#Hacked – Syria’s Electronic Armies is Al Jazeera’s disquieting look at the hard realities of cyberwarfare – GameTheNews Exclusive Interview
Can you give us a brief description of #Hacked?
#Hacked – Syria’s Electronic Armies is a real-life investigation into Syria’s cyberwar presented in the form of a mobile web app. It’s a war where viruses and malware is proving just as dangerous as guns and bullets and the user is asked to gather the maximum amount of information in the minimum amount of time without endangering the security of his / her sources and without getting hacked.
What real-world event or topic inspired this game?
#Hacked is journalism presented in a game format and as such all content is factual and real. The web app is based ona film with the same title that I made for Al Jazeera’s People & Power strand but the process of decision making takes the user deep into subject and creates a much more immersive experience.
The user may feel as if playing a game when meeting and interacting with hackers, activists and cyberwar analysts but the moment s/he clicks on links such as Facebook profiles or news events s/he realises this is real and decisions can have deadly consequences.
Throughout the project the user is encouraged to click on links but must avoid behind hacked and infected with malware. All hacks are meticulously researched and based on real hacks that have taken place during Syria’s cyberwar.
The goal of #Hacked is to reach audiences who would not normally visit a news website or be interested in news content.
When people tried #Hacked, what was their reaction, especially in relation to the real-world inspired / newsgame elements?
There were several things we heard again and again, especially when we tested with younger users (16 – 17 years old): “Normally I am not really interested in news but this is different” and “strangely addictive” was one type of comment.
Users loved going to real life social media profiles and being reminded that everything is real.
They said they would be much more careful with opening links from now on and much more cyber-security aware.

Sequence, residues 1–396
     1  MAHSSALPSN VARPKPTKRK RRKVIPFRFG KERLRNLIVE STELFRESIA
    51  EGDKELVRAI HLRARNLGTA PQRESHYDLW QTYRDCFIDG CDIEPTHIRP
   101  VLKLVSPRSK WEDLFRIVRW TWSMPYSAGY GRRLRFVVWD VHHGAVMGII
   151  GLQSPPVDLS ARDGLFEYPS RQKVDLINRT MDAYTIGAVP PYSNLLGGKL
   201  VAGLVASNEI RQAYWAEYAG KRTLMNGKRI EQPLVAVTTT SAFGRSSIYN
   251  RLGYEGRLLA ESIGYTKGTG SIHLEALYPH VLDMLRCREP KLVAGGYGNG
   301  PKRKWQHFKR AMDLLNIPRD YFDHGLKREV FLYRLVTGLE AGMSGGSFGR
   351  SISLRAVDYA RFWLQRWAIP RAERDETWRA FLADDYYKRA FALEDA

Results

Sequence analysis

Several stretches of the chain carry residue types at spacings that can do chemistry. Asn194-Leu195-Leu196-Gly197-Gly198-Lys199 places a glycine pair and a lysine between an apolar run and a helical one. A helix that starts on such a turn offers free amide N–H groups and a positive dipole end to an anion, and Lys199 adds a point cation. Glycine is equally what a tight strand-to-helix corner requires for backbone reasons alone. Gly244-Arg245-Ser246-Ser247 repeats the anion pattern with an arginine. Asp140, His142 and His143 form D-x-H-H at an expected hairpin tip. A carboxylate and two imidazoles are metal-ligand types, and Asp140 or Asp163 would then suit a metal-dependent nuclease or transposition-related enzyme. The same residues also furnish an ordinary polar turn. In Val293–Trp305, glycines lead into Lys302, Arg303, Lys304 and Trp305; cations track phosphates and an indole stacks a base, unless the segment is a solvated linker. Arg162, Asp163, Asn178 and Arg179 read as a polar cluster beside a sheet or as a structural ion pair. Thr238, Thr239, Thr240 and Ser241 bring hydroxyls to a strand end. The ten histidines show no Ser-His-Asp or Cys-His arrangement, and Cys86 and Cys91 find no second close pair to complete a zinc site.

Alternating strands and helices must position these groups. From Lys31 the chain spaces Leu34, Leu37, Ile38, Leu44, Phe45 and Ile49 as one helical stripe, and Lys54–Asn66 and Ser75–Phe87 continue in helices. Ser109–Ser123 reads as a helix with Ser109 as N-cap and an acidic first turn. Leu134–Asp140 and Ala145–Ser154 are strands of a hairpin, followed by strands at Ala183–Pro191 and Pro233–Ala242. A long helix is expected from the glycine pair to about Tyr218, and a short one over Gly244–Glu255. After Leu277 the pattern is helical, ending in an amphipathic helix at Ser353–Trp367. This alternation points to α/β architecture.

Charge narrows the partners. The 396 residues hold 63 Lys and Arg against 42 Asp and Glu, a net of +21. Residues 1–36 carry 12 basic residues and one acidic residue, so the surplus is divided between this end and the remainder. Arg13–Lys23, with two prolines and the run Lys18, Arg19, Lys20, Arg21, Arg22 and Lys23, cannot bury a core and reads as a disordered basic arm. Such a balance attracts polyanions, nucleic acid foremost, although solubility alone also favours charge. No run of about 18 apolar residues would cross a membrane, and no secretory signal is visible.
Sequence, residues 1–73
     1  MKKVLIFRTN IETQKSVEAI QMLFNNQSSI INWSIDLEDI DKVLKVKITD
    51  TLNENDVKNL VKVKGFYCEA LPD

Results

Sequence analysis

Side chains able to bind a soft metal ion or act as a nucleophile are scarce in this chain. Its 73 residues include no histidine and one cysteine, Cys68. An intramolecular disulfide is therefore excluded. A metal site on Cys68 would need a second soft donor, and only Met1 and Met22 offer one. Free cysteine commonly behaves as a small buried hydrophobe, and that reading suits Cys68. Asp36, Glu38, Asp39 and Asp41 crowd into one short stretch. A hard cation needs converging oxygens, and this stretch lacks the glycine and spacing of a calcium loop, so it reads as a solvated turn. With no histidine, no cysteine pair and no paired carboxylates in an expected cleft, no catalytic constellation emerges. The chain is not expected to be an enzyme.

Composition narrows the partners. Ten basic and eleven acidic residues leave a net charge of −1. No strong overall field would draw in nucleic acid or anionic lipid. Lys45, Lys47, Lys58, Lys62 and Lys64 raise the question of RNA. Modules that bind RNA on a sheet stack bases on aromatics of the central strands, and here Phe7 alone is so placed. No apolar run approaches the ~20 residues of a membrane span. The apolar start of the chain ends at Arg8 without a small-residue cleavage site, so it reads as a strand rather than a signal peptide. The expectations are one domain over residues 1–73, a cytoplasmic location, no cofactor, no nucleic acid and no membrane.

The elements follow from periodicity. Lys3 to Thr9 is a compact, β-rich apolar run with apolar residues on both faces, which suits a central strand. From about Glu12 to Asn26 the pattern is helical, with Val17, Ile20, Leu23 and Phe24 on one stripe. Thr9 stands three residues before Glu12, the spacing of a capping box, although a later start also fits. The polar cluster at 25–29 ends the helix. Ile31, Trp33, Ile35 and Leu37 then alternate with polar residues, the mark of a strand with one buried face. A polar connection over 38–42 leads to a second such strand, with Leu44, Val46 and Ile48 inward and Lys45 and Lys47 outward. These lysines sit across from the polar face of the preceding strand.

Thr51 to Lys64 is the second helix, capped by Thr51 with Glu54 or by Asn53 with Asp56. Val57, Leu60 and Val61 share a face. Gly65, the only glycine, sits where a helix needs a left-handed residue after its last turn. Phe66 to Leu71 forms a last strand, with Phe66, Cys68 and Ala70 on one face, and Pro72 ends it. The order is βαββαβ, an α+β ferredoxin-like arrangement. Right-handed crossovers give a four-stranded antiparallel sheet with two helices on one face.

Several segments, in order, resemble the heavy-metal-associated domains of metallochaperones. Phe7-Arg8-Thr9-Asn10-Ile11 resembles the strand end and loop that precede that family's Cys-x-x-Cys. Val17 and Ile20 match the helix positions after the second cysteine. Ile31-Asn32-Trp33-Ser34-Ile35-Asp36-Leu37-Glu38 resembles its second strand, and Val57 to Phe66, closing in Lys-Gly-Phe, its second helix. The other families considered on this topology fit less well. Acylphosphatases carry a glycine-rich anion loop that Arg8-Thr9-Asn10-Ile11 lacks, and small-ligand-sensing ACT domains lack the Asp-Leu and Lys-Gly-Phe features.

Some of the younger users were disappointed that the point-scoring system was not more significant and were looking for stronger game elements.
Did you consult specialists on the subject when developing the game?
Absolutely, right from the start.
We tried to engage with our target audience right from the start. We had two focus groups, one at Birmingham City University and one at the National Film and Television School on the Game Design course. Both groups were MA students and we bounced all our ideas off them from before we even started going into production. The final user testing took place with students from London City University MA in International Journalism. I took their comments extremely seriously and it led to re-design in terms of content and user journey.
Ethical hacker Ali Haidar is a veteran of the Arab Spring, he rescued activists who were tracked, provided cyber security for NGOs, and reverse coded hacks to track the hackers. I met Ali during the making of the TV programme and Ali was massively helpful with our web app. He responded to an endless series of info-sec questions and he even gives some advice in the app. He also helped write the text for the Black Hat Hacker and finally brought some of his ethical hacking students to the last round of user testing.
Before launching I sent the beta version of the app to everyone who is in it, the Syrians, the hackers, the analysts and Jean Pierre Lesueur who coded the Dark Comet RAT that was used by the Syrian Electronic Army. They were all positive about the project and gave full consent to being featured.